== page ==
Politics and Protest

Climate action performance art takes on Shell greenwashing at SXSW in Austin

A group of concerned citizens, artists and climate activists staged a performance art demonstration at the SXSW festival in Austin, Texas, on Monday, March 14th, while the U.S. Shell Corporation President Gretchen Watkins held a “Fireside chat” about Shell’s target to reach net-zero emissions by 2050. The demonstration was organized by members of Extinction Rebellion, the Sunrise Movement and the advocacy group Public Citizen. The group gathered outside the “Shell House” at Antone’s in downtown Austin to draw attention to the climate crisis, to call out Shell’s attempt to greenwash their image while still expanding fossil fuel production, and to give fellow citizens a chance to connect over the urgency of organizing around climate action. 

The performance art featured two artists wearing tops labeled “Russia” and “USA,” both fighting over a bucket of fake oil and begging for more money from a third individual labeled “Big Oil,” who had a cigar, a drawn-on mustache and a bag full of cash. Meanwhile, four more artists in costumes representing Mother Earth, the Sun, Wind and Water stood by with signs urging investment in renewable energy sources.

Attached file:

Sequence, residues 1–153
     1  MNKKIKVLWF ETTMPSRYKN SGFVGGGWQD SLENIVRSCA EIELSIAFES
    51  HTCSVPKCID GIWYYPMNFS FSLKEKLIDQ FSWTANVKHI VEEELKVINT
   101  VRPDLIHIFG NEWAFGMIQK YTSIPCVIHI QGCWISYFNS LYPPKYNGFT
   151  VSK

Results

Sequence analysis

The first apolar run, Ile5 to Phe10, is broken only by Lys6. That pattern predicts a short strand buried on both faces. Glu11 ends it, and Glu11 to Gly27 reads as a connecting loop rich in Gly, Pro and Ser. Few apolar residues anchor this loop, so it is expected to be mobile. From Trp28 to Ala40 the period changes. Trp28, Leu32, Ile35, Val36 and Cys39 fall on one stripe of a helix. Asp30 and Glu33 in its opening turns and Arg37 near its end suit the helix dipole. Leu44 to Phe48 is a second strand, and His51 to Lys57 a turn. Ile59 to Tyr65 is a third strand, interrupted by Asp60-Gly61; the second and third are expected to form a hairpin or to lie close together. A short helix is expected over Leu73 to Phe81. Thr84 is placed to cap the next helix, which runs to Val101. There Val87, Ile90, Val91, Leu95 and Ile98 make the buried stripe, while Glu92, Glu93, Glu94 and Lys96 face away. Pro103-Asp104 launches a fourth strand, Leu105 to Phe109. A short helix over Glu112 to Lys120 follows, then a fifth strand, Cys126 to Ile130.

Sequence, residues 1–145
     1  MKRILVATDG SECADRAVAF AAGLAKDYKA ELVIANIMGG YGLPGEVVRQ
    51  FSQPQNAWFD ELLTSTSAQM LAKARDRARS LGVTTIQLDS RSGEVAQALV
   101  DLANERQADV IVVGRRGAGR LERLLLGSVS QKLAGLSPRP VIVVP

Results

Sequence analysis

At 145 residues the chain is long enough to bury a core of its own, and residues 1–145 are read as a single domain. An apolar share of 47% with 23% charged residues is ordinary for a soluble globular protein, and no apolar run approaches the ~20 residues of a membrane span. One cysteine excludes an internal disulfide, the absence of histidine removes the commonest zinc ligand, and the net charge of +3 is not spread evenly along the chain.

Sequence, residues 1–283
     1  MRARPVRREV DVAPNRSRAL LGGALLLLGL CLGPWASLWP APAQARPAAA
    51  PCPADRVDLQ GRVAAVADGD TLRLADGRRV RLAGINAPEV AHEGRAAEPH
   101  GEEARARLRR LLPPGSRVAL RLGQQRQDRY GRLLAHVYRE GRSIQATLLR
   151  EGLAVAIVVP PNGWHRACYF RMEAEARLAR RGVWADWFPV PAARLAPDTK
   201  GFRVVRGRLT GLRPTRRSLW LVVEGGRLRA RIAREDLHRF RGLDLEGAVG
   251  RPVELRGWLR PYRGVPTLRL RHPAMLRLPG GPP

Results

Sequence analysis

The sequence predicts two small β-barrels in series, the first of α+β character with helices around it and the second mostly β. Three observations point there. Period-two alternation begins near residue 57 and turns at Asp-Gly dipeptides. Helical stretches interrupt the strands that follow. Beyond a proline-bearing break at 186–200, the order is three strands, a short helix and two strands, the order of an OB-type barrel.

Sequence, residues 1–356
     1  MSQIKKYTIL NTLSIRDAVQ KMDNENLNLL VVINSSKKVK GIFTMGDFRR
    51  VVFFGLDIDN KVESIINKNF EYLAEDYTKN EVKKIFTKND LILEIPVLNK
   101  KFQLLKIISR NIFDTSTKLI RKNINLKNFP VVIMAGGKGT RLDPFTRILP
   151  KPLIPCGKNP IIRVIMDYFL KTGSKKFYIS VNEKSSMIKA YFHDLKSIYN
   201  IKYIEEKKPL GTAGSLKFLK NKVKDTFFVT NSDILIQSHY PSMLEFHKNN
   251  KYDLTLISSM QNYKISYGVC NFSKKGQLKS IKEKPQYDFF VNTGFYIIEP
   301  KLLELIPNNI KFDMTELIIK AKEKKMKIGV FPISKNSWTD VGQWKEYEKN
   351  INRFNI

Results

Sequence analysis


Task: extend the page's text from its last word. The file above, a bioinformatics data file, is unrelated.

Humor as Climate Action

The performance used humor to draw the attention of SXSW attendees who were passing by, with the artist portraying the USA shouting suggestively, “Who wants to drill me harder? I just want a good frack! I really need a good frack right about now.” As people passed by and stopped to watch, concerned citizens handed out flyers for the local Extinction Rebellion chapter containing a link to follow-up information and actions at https://alivein2050.com/ 

Because climate change can often feel tense and overwhelming to talk about, the use of humor is meant to make getting engaged less intimidating. “Creating experiences that are playful, funny, and draw people in can make really difficult topics more approachable and easier to talk about,” the artist portraying the USA told Branch Out. 

The performance painted a visceral picture of corporate greed, with Mother Earth crying, “why are you doing this to me?” before getting chastised by Big Oil, Russia and the USA, who responded, “Mother Earth, shut the fuck up. You’re really bothering the orgy right now, ok?” Meanwhile, a concerned citizen holding a megaphone shouted up to the Shell House, “Today is the day! The people are here! Come outside!”